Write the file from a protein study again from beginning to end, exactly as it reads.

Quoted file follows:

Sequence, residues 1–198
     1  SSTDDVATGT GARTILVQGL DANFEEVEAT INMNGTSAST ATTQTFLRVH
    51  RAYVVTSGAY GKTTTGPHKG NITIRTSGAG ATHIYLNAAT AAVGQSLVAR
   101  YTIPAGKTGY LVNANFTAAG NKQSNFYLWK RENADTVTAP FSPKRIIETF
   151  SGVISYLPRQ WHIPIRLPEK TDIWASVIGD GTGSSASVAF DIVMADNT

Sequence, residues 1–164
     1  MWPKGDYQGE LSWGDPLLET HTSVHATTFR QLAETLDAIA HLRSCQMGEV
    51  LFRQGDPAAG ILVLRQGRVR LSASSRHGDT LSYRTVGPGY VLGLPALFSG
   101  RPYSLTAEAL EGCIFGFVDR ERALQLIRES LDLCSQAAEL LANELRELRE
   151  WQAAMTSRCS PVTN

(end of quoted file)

Sequence, residues 1–198
     1  SSTDDVATGT GARTILVQGL DANFEEVEAT INMNGTSAST ATTQTFLRVH
    51  RAYVVTSGAY GKTTTGPHKG NITIRTSGAG ATHIYLNAAT AAVGQSLVAR
   101  YTIPAGKTGY LVNANFTAAG NKQSNFYLWK RENADTVTAP FSPKRIIETF
   151  SGVISYLPRQ WHIPIRLPEK TDIWASVIGD GTGSSASVAF DIVMADNT

Sequence, residues 1–164
     1  MWPKGDYQGE LSWGDPLLET HTSVHATTFR QLAETLDAIA HLRSCQMGEV
    51  LFRQGDPAAG ILVLRQGRVR LSASSRHGDT LSYRTVGPGY VLGLPALFSG
   101  RPYSLTAEAL EGCIFGFVDR ERALQLIRES LDLCSQAAEL LANELRELRE
   151  WQAAMTSRCS PVTN